Sybil Robart was born in April of 1832 to James English Robart and Annie Croy in Ohio. James and Annie had nine children; Phebe (1819), Minerva (1825),John Croy (1826) Amelia ( maybe Anna born 1827), Rachel M. (1832), Sybil (1833), Mahala (1835), Catherine (1839), Franklin (1843).
In the 1850 Federal Census, Sybil Robart ( found as Robert) is found in a boarding house in Coldwater, Michigan. She is a seamstress working for Alanson and Emma Bacon. On September 21, 1852, Sybil married Andreas S. Hopkins in Cook County, Illinois.
In the 1860 Federal Census, Sybil and Andrew are found in Chicago’s Ward 4, Cook County, Illinois. They were counted with 44 other nonrelated individuals living in a Hotel run by Hiram Langley ad his wife, Mary. They have a daughter, Ida, who is 4 months old. Andrew is a printer.
The 1870 Federal Census, Sybil and Andrew are now in Chicago’s 10th Ward. They live in a boarding house and they have their ten year old daughter, Ida living with them. Andrew works for a printing house.
In the 1880 Federal Census, it appears that Sybil and Andrew have moved back the Detroit area. Andrew is a proofreader. They live at 171 Beach Street, Detroit, Michigan. By the time of the 1900 Federal Census, Andrew and Sybil are living on 17th Street in Detroit’s 10th Ward. Andrew is 68 years old and Sybil is 67. Andrew remains a proofreader. They have been married for 48 years.
Ida Hopkins, never married and died on January 27, 1900 of TB at the age of 38. Andrew Hopkins died in 1902. In the 1910 Federal Census, Sybil is a widow. She is living on Porter Street with her sister who is also a widow, Mahala Crego. Sybil is listed as head of household. Sybil’s nephew, Alton Crego, son of Mahala is also living with them. Sybil states that she bore three children and none of whom are living.
One hundred and ten years ago on February 14, 1913, Sybil died. She was buried in Woodmere Cemetery. All three family members are buried at the cemetery but I do not at this time find burial records except each of their death records state that they are buried at the cemetery. There are no Tombstones at this time.
Irene Almira Beutal was the daughter of Martin Frederick and Catherine Dorothea (Labuhn) Beutal. She was born in Fair Haven, Michigan on February 11, 1900. She was the youngest of fourteen children; Mary (1878), Emma (1879), Albert (1882), Fredrick C (1887), Ernst (1889), Louisa J. (1891), Martha M. (1892), Hilda (1894), Florence E, (1896), Ester (1899) Irene A. (1900). Mary and Emma were found in the 1880 Federal Census and the remaining children listed were found in the 1900 Census. Four children are unknown to me, but are referred to in the memoir quoted below. It may have been that they died as infants or children between the 1880 Census and the 1900 Census. In the 1910 Federal Census, Martin and Catherine had five remaining children living at home ; Fred C, Hilda, Florence, Ester, Irene.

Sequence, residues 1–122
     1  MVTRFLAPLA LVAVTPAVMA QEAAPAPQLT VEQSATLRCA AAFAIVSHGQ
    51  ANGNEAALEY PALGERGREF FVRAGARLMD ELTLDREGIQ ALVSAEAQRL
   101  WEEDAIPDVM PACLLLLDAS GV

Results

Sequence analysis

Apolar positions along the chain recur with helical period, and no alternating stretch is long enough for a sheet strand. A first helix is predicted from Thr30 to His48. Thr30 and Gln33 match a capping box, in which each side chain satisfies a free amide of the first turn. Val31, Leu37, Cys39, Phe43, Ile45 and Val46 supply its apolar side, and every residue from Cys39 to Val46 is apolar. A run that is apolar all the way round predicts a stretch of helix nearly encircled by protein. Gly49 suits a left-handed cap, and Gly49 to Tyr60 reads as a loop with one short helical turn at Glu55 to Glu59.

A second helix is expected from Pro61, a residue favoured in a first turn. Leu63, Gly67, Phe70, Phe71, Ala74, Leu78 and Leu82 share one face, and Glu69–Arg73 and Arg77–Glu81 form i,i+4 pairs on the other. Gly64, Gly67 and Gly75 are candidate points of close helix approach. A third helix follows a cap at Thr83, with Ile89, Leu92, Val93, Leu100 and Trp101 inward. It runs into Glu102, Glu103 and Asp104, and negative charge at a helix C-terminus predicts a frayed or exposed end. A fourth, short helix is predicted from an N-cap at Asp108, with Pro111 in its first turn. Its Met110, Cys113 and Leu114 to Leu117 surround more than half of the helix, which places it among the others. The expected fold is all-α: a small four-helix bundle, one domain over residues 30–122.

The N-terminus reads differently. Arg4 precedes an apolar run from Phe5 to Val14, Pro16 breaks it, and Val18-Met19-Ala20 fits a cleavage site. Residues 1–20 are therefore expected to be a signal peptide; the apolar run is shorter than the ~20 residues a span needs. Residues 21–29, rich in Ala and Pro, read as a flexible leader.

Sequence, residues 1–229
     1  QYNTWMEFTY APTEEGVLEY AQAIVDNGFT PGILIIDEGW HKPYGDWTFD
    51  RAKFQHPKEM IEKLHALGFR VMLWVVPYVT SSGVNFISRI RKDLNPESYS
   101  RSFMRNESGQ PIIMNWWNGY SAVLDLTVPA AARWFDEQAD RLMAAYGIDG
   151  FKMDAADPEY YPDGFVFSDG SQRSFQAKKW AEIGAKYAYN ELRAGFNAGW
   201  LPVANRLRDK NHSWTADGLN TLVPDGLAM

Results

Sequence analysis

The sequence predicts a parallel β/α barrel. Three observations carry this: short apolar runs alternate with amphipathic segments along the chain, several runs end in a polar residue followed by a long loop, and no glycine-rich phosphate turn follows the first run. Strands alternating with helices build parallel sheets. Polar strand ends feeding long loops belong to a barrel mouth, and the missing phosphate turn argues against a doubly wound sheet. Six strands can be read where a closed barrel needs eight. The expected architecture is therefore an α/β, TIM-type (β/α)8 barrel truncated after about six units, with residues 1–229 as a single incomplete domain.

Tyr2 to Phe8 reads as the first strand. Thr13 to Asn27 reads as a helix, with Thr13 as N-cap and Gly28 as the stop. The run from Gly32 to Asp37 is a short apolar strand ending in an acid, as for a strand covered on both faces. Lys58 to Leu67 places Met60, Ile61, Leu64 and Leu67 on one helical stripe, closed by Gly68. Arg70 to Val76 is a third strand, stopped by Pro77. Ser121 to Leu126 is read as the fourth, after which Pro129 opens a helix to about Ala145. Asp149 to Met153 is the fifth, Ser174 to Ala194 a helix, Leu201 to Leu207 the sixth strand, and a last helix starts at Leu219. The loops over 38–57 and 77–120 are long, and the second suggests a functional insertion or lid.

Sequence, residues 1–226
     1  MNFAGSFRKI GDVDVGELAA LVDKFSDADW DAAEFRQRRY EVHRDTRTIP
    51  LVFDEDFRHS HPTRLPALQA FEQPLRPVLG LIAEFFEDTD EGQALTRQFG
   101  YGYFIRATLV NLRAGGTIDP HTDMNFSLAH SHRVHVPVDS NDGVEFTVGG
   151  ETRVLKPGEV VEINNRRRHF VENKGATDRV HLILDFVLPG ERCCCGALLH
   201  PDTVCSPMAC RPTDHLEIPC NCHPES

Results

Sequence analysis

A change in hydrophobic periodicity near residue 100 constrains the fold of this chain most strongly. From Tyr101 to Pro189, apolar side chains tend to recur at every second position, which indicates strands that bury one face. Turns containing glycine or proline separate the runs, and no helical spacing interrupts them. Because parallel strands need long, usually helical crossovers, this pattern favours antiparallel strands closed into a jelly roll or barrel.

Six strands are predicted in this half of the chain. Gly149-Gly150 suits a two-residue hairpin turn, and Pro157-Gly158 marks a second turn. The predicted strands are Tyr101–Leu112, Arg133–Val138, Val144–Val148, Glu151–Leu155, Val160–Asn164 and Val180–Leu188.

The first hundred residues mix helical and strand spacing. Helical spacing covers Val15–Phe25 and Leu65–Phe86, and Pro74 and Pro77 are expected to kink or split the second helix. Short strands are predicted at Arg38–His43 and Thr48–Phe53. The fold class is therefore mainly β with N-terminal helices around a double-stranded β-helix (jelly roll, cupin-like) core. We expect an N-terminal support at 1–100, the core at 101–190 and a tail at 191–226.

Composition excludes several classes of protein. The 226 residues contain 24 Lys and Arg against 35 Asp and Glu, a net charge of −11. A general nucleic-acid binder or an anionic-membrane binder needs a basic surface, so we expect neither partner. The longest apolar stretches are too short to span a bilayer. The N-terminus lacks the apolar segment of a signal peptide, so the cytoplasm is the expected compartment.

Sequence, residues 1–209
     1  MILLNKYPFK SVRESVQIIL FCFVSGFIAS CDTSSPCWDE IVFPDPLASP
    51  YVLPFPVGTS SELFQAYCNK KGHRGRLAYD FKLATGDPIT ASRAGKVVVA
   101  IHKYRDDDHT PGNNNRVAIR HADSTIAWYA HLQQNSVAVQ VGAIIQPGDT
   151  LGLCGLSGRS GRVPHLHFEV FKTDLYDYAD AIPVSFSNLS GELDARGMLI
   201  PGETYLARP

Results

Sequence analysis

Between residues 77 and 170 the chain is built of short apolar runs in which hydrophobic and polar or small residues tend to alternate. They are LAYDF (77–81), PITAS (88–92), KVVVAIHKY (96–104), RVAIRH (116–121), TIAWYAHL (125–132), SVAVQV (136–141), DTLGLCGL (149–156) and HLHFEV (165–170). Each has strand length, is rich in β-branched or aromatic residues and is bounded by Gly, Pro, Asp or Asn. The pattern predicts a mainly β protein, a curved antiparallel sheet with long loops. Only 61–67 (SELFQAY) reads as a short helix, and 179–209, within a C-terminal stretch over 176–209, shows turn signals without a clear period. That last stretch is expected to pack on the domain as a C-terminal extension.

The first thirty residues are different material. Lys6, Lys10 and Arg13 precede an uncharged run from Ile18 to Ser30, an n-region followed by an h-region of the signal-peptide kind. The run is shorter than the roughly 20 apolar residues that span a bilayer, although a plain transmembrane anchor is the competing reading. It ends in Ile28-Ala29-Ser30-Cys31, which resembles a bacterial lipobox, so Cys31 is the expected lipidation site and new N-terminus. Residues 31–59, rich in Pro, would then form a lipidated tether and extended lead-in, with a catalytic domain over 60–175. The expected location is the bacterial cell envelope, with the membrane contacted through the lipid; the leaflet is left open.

Irene married William Albert Fritz on March 16, 1920 in Ira Township, St Clair County, Michigan. They had nine children; Richard (1920), Robert (1921), Warren (1923), Delmer (1924), Loralie (1926), William Albert (1928), Eldon (1929), Delores (1934), and Patricia Ann (1938). William Albert was a farmer who ran his family farm.
Quoted below from a Memoir written by Francis Louise Vondett Fritz called “ The Past Year 1767- March 1984”
“IRENE ALMIRA BEUTEL
Irene was born February 11, 1900 at the family farm on Arnold Road. She was the youngest of fourteen children of Martin and Catherine Labuhn Beutel. At the age of twenty, she married William Albert Fritz on March 16, 1920. They lived on a farm all their married life and raised nine children. She was on her second pacemaker when she died of Congestive Heart Failure in General Hospital, Mt. Clemens on February 7, 1977. She was buried in Woodlawn Cemetery, Marine City, Michigan.
Irene’s parents, Martin Frederick Beutel (3-25-1848/9-24-1922) and the former Catherine Labuhn (6-21-1859/9-25-23) lived on a farm on Arnold Road until shortly before his death, when illness forced them to move to Marine City. He raised skunks for extra income. He sold the pelts to a furrier in Detroit and the carcasses to the Broadway Hotel in Marine City where they were served as muskrat, because that sounded better. Catherine developed cancer on her forehead in her later years. It was diagnosed as “Lupus” and was treated by rubbing table salt into the raw area. It spread rapidly and caused her death just a year after her husband had died of a heart attack. They are both buried beside his father in St. Peter’s Cemetery in Ira Township.
Irene grew up on the farm and attended Poplar Grove School, a long walk. When it was time for her to be confirmed, she went to Detroit and lived with her older sister, Anna Abend, and took her confirmation classes there. As a teenager, she played the organ at St. Peter’s Lutheran Church, where the family attended worship services. They usually walked to services and seldom missed.